American Elevator

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“It has been fifteen years, one month and ten days since we increased our security procedure” He repeated these numbers, adding to them every day.

Seemingly someone stupid has not observed the rules,  disregarded seriousness, resulting in a queue.

“If you can’t comply with these conditions, we cannot allow you access to our facility”

The length of the queue, the moment opportune.

“You know I don’t like heights!” She hissed, not a fan of skyscrapers, or steep inclines it’s true, she missed the point of the tourist attraction’s defences.

“You can’t leave me! It would look odd for a husband without his wife, with views to see, up high!”

She pleaded to stay downstairs, in amongst the tourists. The vast and tempting gift shop with far too much to choose. He disagreed quite righteously… insisting she accompany him, her vertigo denied.

As they shuffled through the metal detector arch, the officious security man’s mantra regarding the length of time “Fifteen years” and so on, dragged them further along the queue. Increased security, confidence undermined.  Lines, only humans form them, and only tourists would queue for an elevator, a fancy lift to nowhere. The perfect place for people watching peering eyes glancing, accusing:

“Who?”

Holidaymakers herded like cattle. Most with a companion, but one odd occasional tourist stands behind her. He is from Alaska, and reports:

“I don’t get out often” to anyone within earshot.  Odd occasional tourist makes eye contact, presumes she is alone.

“Tell me, are you visiting this attraction for business or pleasure?”

“Excuse me?”

“I said, are you here for business or pleasure?”

His question open ended, she swiftly closed with “NO!” The woman had never been so pleased to see her husband  return from the restroom. The odd occasional tourist had not expected romance quashed, dreams dashed. You see; elevators are great places to meet people, he had read that somewhere (someplace) It had been fifteen years since the odd occasional tourist had met anyone.

An attitude of teenage backpackers travelling no further than outside the U.S. over excited, peaking too soon, speaking too loudly, and reporting on pointless smartphone applications.

“Look, this one works out your ‘stripper name’ BLAH BLAH, BLAH, BLAH BLAH. I didn’t know that Bali is not part of India!”  Their nonsense lost towards the end of the line.

The security mantra softens in the distance, dollars exchanged for  tickets – reluctantly accepted. Feeling dizzy already at the sight of those lift doors, their dull shine, their promise of space fearfully anticipated, eagerly embraced, by her husband alone.

“Don’t look up, and do not look down!”

The elevator holds ten tourists, all of reasonable weight. The collective ten  play happy family for less than a moment. The 500ft takes forty-one seconds, except on days that are windy on which it takes longer, the brochure threatens. Her suspicion raised, the needle has stood for over fifty years – but does that make it safe? She buries her head in his chest, silently counts to forty-one, like an elongated game of hide and seek. The powerful rush, the strange sensation, the elevator catapults the tourists into the air with inexplicable physics.  Those forty-one seconds seemed twice as long. So worried, that she did not even notice the beautiful attendant, smartly dressed, skin like an Easter egg. But a middle-aged woman certainly did, along with her giggling counterpart.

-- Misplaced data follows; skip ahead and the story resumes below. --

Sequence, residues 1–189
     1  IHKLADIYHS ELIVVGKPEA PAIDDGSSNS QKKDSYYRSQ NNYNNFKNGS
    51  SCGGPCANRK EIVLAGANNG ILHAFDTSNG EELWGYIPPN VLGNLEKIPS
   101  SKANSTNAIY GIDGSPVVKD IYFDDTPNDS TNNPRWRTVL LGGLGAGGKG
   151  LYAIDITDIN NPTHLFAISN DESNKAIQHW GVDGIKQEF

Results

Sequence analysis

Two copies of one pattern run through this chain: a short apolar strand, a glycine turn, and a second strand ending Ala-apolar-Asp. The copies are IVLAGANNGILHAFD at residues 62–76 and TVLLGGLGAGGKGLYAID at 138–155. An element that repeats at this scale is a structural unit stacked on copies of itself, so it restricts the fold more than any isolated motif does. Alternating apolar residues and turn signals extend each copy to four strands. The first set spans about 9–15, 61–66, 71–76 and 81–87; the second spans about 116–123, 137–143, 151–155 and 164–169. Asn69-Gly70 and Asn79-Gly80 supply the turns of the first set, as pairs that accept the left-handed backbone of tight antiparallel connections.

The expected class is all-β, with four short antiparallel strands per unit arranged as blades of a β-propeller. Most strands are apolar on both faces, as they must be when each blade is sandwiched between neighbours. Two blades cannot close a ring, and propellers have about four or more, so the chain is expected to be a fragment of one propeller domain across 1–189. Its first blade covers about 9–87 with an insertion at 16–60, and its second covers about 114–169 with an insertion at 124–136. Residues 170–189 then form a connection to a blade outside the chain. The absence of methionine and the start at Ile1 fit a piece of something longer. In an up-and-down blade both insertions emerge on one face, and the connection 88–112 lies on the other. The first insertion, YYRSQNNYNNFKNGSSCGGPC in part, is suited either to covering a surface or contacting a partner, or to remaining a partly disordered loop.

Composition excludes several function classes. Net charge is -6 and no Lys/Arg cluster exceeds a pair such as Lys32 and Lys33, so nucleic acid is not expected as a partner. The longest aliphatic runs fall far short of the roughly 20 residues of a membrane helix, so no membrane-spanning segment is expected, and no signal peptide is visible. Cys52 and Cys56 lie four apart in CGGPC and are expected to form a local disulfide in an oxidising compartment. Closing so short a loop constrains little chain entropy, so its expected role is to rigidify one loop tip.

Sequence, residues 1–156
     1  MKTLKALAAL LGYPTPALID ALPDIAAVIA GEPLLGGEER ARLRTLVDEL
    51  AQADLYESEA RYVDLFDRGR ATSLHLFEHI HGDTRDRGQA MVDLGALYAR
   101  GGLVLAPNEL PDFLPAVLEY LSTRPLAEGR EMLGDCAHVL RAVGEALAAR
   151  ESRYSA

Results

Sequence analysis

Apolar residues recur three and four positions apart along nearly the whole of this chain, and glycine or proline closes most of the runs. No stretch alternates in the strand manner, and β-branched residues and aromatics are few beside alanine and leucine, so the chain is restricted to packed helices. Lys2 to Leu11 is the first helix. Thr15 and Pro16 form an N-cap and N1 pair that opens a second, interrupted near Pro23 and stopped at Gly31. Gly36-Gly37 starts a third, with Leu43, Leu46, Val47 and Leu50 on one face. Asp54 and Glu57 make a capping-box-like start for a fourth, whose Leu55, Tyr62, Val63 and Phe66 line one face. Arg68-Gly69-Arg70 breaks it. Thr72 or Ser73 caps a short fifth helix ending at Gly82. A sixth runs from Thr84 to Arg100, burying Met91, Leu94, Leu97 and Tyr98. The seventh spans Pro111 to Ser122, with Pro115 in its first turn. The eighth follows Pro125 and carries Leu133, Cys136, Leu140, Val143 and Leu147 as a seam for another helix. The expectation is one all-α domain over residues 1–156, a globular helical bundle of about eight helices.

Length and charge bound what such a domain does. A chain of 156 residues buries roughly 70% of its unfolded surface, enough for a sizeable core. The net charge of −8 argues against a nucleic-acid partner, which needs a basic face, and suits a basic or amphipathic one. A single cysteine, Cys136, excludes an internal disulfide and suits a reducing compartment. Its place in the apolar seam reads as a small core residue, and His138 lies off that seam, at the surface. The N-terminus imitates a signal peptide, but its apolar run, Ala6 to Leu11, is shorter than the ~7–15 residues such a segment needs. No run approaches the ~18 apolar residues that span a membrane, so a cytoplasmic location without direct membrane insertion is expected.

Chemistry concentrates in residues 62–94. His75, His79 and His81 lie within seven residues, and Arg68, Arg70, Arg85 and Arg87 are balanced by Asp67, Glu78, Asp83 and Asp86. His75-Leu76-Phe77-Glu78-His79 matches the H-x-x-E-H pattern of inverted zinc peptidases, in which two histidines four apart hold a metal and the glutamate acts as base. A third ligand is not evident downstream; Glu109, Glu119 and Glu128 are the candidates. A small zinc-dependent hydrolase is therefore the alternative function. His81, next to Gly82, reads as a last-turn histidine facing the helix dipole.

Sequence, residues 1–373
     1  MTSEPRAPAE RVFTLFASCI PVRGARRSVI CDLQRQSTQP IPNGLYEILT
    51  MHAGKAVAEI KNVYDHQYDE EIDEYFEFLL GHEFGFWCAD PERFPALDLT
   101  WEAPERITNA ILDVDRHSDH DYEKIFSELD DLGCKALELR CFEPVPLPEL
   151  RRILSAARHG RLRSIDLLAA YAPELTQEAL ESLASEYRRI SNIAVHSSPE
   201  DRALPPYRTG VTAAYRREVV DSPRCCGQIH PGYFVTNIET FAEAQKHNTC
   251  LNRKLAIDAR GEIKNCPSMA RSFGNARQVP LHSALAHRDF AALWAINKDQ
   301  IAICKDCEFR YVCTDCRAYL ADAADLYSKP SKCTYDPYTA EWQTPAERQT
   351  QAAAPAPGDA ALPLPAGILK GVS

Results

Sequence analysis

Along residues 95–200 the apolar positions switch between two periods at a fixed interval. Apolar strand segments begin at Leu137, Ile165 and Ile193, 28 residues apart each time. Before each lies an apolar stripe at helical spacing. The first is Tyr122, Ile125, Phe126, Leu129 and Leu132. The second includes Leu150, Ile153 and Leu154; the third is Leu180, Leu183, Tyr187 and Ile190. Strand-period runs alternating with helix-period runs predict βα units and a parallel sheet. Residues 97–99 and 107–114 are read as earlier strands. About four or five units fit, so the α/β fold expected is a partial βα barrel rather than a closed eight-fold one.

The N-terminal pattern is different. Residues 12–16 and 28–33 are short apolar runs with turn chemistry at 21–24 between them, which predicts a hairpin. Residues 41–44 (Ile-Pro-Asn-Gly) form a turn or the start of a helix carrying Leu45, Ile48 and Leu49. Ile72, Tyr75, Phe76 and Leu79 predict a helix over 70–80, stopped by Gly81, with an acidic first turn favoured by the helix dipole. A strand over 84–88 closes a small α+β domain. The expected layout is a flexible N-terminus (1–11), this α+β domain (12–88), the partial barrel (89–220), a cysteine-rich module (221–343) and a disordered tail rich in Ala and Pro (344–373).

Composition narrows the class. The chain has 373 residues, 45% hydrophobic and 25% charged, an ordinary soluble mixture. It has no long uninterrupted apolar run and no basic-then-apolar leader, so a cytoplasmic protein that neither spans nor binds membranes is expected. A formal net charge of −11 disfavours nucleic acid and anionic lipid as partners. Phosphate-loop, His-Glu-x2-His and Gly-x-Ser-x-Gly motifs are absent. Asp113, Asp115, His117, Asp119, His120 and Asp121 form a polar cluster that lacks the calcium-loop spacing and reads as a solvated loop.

“Well aren’t you somethin’ honey !” The woman did not blush from under her sun visor.

“The Space Needle was built in 1962, for the ‘World Fair'” The beautiful attended repeated, with little time for his speech.

“Do you enjoy your job?” The woman said, managing plenty of time to flirt.

“It has its ups and downs” He smirks with perfect teeth, and then it’s time to get out.

She is still buried in her husband, the flirting woman pushes past. She walks backwards out of the elevator, legs like jelly, stomach in her mouth. She is not the only one to be adversely affected, a sobbing, shaking middle-aged man is dragged out by his wife.

“I’ll just wait here, over by the door, where I feel safe, maybe sit on the floor,” She says. He looks dismayed, but leaves her there, not wishing to waste those dollars. He marks his visit on the map. He takes in the view, the expanse of water, miles and miles can be seen under miles and miles of cloud, are they mountains in the distance? After a couple of solitary self-portraits on the observation deck (saluted by the odd occasional tourist), It is time to rescue his wife, she is standing by the elevator, eyes firmly shut, head cradled in her hands.

“My brain is swimming, I feel so dizzy, It’s all your fault of course!”

They go back to the start, the same whooshing sound accompanies them to the ground. Reuniting with gravity, the best bit of the day for her. He is oblivious to the sensation, insisting on a T-shirt or at least a keychain to prove he ‘got her on that elevator!’

It feels like fifteen years since they visited Seattle.

They say it will get better, with therapy and graded exposure.  She will not engage, however, with confined spaces that have no way of escape. Her acute case of acrophobia, claustrophobia, stranger danger, husband blamed catastrophe.

Fifteen years, and still no official name for ‘fear of elevators’.

Samantha Henthorn © 2016

Part of my collection of short stories ‘QUIRKY TALES TO MAKE YOUR DAY’ soon to be self published on the self publishing machine, watch this space.

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